Odebrecht has completely remodeled Maracaná, which also manages the enclosure. It (Odebrecht) also shares with Andrade Gutierrez the construction and management of the Olympic Village, management of Olympic stadium with OAS, and even 20 large public works in Río de Janeiro, hundreds in the 12 cities that are World Cup seats, including new airports and hotels. Just the new Terminal 3 at Guarulhos Airport (São Paulo) had, as of now, a cost of 1 billion 500 million dollars.

None of this can be done without repression. The Army’s occupation of the Complexo da Maré (130,000 inhabitants in 16 favelas), until the World Cup ends, is hardly the action the population knows best. This week, the government of Río state reported on the incorporation of eight new armored vehicles for the Special Operations Battalion (BOPE, its initials in Spanish), which will be used in the “pacification of the favelas” operations(O Globo, 24/06/14).

In the four months prior to the Mundial, the Secretary of the State of Río reported 4,250 compulsory admissions of homeless people, who are transported to a shelter 70 kilometers from the city’s center, where, according to the dossier of the Cup Committee, they are lodged in precarious conditions and suffer torture practices.

“Río de Janeiro is becoming a more expensive and unequal city all the time,” the dossier of the Cup Committee points out. A fractured, conflictive city as happened at the recent Carnaval, when more than 70 percent of the 14,000 garbage collectors went on strike. After eight days of harsh conflict and disqualifications, one of the categories of low-paid workers obtained a 37 percent increase in their base salary, which is still barely 500 dollars. Despite the pressures, the enormous encampment of 4,000 people organized by the MTST (Movimiento de Trabajadores Sin Techo) three kilometers from the Itaquerão Stadium.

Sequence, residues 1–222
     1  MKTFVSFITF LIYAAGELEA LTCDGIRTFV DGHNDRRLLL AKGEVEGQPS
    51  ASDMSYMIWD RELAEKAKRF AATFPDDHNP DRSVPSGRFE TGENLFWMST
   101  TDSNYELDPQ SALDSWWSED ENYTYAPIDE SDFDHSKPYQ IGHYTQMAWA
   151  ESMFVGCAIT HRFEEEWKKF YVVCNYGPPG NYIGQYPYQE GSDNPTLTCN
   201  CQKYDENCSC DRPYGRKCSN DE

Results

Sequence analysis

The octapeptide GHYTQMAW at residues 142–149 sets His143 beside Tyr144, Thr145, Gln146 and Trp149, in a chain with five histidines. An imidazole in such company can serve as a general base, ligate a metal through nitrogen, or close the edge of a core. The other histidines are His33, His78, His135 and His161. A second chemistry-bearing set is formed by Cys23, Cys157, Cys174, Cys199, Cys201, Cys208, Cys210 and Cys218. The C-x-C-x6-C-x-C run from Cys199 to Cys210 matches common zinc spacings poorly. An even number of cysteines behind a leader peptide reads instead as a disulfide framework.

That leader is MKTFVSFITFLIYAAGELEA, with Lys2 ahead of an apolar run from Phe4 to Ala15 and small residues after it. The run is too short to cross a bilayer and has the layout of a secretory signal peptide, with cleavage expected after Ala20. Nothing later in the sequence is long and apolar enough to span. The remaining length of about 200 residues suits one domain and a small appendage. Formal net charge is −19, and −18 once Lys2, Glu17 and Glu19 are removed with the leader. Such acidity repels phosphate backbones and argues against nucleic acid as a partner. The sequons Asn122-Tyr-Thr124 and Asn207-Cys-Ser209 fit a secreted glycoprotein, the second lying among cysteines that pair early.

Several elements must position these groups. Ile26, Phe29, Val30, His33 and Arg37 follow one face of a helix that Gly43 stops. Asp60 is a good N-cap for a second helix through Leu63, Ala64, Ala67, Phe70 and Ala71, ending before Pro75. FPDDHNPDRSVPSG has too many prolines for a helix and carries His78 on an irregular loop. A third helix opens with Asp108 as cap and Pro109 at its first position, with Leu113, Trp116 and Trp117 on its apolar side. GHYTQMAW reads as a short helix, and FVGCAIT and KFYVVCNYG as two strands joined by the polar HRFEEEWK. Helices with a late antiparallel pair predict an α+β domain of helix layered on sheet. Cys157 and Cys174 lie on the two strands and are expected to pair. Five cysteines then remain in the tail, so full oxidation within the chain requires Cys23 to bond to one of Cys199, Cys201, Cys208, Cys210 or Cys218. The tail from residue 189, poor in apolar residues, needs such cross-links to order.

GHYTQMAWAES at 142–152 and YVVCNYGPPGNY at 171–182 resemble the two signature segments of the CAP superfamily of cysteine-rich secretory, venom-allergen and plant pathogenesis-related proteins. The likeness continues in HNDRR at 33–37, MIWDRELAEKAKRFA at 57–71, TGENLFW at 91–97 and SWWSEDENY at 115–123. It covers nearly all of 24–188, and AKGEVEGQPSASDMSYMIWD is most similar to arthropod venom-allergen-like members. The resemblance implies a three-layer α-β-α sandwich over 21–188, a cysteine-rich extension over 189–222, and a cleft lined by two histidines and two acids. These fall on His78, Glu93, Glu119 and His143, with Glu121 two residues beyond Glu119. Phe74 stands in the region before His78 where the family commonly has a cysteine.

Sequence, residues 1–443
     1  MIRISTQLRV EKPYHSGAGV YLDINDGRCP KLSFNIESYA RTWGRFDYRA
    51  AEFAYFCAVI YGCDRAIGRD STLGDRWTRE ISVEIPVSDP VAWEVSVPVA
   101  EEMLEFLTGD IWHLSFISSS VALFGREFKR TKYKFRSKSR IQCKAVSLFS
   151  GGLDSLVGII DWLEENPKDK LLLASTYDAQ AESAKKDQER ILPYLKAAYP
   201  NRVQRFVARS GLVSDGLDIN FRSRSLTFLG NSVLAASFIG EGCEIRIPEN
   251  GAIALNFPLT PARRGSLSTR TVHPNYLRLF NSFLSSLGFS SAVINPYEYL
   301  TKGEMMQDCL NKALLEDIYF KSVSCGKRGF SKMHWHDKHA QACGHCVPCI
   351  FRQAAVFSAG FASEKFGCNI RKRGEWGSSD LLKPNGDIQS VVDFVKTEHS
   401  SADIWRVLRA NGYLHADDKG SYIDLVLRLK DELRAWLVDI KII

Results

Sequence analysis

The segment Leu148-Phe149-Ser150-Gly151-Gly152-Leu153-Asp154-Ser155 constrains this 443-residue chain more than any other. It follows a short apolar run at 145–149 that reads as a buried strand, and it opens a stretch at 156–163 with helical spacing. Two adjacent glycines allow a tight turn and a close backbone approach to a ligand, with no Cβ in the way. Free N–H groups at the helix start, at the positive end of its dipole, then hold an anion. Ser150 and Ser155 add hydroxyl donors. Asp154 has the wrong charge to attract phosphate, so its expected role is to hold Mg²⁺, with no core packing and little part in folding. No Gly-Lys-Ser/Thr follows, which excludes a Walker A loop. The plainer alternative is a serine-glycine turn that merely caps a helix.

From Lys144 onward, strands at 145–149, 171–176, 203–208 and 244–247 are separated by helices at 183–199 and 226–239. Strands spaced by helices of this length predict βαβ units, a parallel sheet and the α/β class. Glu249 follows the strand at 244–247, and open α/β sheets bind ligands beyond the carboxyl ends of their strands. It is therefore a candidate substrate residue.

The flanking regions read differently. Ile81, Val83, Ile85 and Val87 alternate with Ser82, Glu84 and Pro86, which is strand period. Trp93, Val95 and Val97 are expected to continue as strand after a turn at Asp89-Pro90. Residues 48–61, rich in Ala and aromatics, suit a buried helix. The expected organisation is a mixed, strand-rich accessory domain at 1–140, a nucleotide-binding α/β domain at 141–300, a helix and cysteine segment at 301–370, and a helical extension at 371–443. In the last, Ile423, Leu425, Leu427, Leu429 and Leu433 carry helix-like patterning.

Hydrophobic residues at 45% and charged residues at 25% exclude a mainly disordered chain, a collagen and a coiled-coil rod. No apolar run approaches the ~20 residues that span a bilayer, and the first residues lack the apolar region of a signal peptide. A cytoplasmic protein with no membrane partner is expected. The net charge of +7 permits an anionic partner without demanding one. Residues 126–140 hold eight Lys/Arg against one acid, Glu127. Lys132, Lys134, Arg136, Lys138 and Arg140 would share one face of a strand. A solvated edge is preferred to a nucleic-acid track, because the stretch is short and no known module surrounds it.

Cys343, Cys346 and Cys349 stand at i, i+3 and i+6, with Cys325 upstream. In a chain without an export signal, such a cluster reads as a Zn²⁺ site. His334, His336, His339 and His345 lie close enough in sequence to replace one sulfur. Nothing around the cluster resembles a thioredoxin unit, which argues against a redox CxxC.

While half of the World Cup is still in dispute, demonstrations have decreased and the number of people mobilized is less than in previous weeks. Even so, the protests are far from disappearing. The success of the days in June 2013 is not forgotten; they stopped the increase in tickets for urban transportation, but in reality they were questioning the city model that capital is imposing with support from a broad coalition of parties.

A recent MTST communiqué, which maintains an encampment of 400 people in front of the municipal chamber demanding affordable housing, assures that its struggle did not begin with the World Cup, nor will it end with when it’s over. “We reaffirm that the big legacy of the World Cup was the real estate speculation and urban exclusion.”

After July, when the ball stops rolling and the fires of the media artifice die out, Brazilians will return to their everyday life, paying abusive prices for very bad transportation. The resistance to the recent urban extractivism begins.


Originally Published in Spanish by La Jornada

Translation: Chiapas Support Committee

Friday, June 27, 2014